The 1623 publication, called Componimenti Musicali, is one of the most dazzling and ground-breaking publications of its time. It's the only music by Lucrezia Vizzana known to exist. [listen]

Claudia Rusca was a singer, teacher, organist and composer - and also a nun - who died in Milan in 1676. Her volume of sacred concerti was published in that city in 1630, only to have been completely lost in 1943 when the Ambrosian Library in Milan was bombed during the second world war. Some of the motets, though, have been rediscovered in later arrangements, which scholars have used as the basis for reconstructing the lost originals. This is one of the "rescued" motets by Rusca, Gaudete gaudio magno for two sopranos, continuo, and an obbligato soprano instrument (played here on cornetto). [listen]

Ambrosian Library, Milan

Yet another Milanese nun who had considerable musical skills was Chiara Margarita Cozzolani, who was born in 1602. She had a number of major collections of music printed during her lifetime - in 1640, 1642 and 1650 - and they show that despite her cloistered life she was well aware of the latest musical developments in northern Italy at the time. The publications - like those of other nun composers I've mentioned - include tenor and bass parts, which would have made them appeal to a wider market. In the nuns' services, though, these would have been transposed for all-female performance. But even then, there were women who specialised in singing low parts, and the bass lines often don't go very low, meaning that a contralto with a low range could manage to sing them at pitch. [listen]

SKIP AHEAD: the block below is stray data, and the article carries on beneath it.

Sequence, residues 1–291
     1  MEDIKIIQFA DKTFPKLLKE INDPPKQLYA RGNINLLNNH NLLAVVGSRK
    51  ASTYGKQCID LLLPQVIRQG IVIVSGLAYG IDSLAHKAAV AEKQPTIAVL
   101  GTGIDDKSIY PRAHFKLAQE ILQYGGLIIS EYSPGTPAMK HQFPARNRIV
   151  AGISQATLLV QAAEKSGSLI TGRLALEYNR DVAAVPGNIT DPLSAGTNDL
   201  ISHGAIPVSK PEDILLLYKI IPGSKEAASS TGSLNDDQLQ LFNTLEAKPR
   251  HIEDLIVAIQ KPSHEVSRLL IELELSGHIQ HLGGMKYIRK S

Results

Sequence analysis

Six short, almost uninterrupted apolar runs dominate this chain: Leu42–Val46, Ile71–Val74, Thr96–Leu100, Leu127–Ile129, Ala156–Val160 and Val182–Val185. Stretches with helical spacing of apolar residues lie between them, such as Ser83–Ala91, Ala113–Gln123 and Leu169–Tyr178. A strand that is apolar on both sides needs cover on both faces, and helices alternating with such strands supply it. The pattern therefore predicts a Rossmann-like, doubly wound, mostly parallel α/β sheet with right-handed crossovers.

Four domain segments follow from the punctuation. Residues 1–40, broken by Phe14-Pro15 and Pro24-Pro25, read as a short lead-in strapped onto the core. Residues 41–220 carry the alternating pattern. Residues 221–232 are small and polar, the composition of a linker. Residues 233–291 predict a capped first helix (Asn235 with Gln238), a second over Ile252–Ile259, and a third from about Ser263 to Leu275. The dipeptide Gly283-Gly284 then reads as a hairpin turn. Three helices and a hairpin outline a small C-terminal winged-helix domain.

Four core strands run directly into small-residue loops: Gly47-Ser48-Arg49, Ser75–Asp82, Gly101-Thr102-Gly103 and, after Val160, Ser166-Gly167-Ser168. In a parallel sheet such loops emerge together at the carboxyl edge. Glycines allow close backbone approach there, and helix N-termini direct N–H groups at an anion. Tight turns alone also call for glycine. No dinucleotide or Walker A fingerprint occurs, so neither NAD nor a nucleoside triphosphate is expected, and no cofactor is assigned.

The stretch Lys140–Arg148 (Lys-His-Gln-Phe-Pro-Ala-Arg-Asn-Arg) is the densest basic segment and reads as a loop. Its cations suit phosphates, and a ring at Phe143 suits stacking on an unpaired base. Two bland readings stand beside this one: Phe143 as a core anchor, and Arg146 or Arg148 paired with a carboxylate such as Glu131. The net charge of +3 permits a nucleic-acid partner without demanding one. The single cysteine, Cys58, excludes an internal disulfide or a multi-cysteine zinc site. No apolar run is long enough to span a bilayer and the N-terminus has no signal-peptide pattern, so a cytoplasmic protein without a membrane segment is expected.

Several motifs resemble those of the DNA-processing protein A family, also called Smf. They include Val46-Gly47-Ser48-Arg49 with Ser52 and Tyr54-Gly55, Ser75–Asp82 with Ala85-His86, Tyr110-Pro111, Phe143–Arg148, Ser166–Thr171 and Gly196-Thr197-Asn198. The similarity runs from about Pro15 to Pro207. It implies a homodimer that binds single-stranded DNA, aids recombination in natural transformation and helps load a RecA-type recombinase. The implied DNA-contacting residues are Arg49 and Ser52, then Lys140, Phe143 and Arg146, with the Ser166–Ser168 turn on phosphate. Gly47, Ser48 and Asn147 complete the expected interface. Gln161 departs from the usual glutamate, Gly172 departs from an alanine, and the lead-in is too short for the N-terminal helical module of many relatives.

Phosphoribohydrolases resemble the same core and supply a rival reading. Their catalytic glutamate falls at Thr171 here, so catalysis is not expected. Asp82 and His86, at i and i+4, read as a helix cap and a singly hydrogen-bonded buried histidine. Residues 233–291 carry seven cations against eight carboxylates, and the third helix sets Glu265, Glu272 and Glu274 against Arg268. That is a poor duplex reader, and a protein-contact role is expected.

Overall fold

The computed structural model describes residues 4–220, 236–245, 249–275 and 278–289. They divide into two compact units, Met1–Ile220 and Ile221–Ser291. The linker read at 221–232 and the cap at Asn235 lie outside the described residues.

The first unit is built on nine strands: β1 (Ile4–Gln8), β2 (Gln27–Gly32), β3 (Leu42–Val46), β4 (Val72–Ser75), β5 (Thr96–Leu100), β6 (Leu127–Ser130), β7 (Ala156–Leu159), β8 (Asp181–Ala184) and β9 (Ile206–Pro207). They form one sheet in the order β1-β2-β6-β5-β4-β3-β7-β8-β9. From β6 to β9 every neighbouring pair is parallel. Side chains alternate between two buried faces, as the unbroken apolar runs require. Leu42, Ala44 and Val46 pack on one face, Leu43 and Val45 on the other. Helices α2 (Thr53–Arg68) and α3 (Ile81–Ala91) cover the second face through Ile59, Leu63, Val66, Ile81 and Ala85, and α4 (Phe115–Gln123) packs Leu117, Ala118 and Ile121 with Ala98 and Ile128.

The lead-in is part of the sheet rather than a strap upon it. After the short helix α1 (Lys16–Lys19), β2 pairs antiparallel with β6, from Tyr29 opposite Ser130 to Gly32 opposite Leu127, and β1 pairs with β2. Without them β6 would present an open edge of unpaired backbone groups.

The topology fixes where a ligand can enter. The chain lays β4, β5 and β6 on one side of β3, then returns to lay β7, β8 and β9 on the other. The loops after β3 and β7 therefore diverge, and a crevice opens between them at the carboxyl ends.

In the person of Barbara Strozzi we come to one of the few female composers of the Baroque whose name is to some extent familiar today. She was Venetian, born in 1619, the adopted (and possibly illegitimate) daughter of the poet and dramatist Giulio Strozzi. Barbara Strozzi was most definitely not a nun. She lived boldly in a man's world, never married but had several children, and had an enviable career as both a singer and as a composer. She published nine collections of vocal music, nearly all of it secular and highly dramatic. This aria from her Opus 8, published in Venice in 1664, describes the madness of the heart which insists on falling in love. [listen]